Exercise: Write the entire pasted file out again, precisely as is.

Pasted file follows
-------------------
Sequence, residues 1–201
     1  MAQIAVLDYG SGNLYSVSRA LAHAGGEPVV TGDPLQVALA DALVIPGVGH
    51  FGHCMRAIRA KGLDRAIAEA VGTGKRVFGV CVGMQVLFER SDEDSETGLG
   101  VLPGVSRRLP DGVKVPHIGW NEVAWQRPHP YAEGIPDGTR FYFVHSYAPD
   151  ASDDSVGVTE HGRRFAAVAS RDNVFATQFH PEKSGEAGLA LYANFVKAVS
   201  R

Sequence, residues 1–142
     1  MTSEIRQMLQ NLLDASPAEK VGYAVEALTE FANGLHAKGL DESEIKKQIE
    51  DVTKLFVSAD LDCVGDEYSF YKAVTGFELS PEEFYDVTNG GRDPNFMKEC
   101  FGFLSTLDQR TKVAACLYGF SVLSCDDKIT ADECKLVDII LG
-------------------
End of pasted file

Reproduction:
Sequence, residues 1–201
     1  MAQIAVLDYG SGNLYSVSRA LAHAGGEPVV TGDPLQVALA DALVIPGVGH
    51  FGHCMRAIRA KGLDRAIAEA VGTGKRVFGV CVGMQVLFER SDEDSETGLG
   101  VLPGVSRRLP DGVKVPHIGW NEVAWQRPHP YAEGIPDGTR FYFVHSYAPD
   151  ASDDSVGVTE HGRRFAAVAS RDNVFATQFH PEKSGEAGLA LYANFVKAVS
   201  R

Sequence, residues 1–142
     1  MTSEIRQMLQ NLLDASPAEK VGYAVEALTE FANGLHAKGL DESEIKKQIE
    51  DVTKLFVSAD LDCVGDEYSF YKAVTGFELS PEEFYDVTNG GRDPNFMKEC
   101  FGFLSTLDQR TKVAACLYGF SVLSCDDKIT ADECKLVDII LG